'The Decision' of Albert Pujols
Anyone who played Batman and Robin with a friend as a kid will know why it's so very important to get this question answered: If Albert Pujols takes his talents to South Beach, joining Heath Bell and Jose Reyes, is he the LeBron James of the trio?
Bell carries less star power than the other two, so he's the Chris Bosh. But is Reyes or Pujols the LeBron James, and which of the two is the Dwyane Wade?
The big knock on James is that he's never won a championship, and Pujols has won two. On the other hand, Wade and Reyes are both speed guys and seem to match up in style, and with all due respect to Wade, James is the bigger star, no matter how much championship bling Wade has.
Without a doubt, Pujols is a bigger star than Reyes. Pujols may finish his career among the five or six greatest players of all time, ranked somewhere among Babe Ruth and Willie Mays and Hank Aaron and Barry Bonds, and may soon have something else in common with all those players -- playing for more than one team in his career.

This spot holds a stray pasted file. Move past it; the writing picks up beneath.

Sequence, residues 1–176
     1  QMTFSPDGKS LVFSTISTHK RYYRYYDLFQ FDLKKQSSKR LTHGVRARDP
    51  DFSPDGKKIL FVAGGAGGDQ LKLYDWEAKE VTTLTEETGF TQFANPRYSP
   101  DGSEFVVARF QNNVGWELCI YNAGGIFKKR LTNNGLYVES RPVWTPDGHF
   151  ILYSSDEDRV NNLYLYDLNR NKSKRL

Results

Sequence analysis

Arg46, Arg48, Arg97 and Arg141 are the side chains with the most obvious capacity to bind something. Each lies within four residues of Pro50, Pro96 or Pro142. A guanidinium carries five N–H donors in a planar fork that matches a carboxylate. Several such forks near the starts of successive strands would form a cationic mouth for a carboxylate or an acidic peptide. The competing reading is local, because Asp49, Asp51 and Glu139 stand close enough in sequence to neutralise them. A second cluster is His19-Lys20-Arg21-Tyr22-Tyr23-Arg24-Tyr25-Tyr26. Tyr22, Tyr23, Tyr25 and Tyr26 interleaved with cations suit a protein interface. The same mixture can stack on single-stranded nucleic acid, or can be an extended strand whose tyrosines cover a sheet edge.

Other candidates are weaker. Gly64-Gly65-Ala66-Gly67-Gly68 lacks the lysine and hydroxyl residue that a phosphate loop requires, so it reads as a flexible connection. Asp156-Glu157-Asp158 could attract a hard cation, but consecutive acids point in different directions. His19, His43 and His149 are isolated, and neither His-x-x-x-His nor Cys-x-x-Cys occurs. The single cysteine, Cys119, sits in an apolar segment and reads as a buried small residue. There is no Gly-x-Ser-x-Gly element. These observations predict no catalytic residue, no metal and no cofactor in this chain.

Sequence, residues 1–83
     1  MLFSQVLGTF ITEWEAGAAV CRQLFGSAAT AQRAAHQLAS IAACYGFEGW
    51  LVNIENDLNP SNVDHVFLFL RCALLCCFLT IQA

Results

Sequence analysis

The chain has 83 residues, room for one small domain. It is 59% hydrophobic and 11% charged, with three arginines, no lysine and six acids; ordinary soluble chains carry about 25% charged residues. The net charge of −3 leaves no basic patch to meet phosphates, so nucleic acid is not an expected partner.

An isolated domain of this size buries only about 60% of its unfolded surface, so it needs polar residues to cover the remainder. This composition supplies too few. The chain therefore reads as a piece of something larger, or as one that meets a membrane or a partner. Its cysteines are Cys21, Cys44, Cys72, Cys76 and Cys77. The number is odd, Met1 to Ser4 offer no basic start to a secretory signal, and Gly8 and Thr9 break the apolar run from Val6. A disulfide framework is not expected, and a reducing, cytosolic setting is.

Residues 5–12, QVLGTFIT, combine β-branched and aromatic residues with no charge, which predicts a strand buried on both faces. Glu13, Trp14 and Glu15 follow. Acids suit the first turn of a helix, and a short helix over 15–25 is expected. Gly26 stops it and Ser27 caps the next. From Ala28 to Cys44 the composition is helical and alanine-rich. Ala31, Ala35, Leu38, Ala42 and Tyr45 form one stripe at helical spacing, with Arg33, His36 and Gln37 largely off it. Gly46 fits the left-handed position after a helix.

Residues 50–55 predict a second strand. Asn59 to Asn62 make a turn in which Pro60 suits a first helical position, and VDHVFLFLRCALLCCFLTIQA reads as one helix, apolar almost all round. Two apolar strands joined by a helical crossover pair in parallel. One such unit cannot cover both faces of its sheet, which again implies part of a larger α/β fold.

It's impossible to envision Pujols playing in a uniform other than that of the St. Louis Cardinals, least of all in the mismatched pajama look of the Miami Marlins. This is like a former president moving from the White House to the Playboy mansion.
But friends have been saying for months that Pujols is ready to leave the Cardinals, if it comes down to that, if the St. Louis offer is significantly less than that from another team. Somewhere along the way, this went from being personal for Pujols to being all about business. Maybe it was last winter, when the Cardinals offered him a contract that would have given him the fourth-highest salary among first basemen in the majors, a contract less than that of Ryan Howard, Mark Teixeira and Adrian Gonzalez. The Cardinals offered nine years, $198 million, or $22 million a year. For many years, Pujols had been playing under what was generally regarded as a very team-friendly contract, and maybe he expected the Cardinals to step up this time around and give him a deal that reflected his place in the game.
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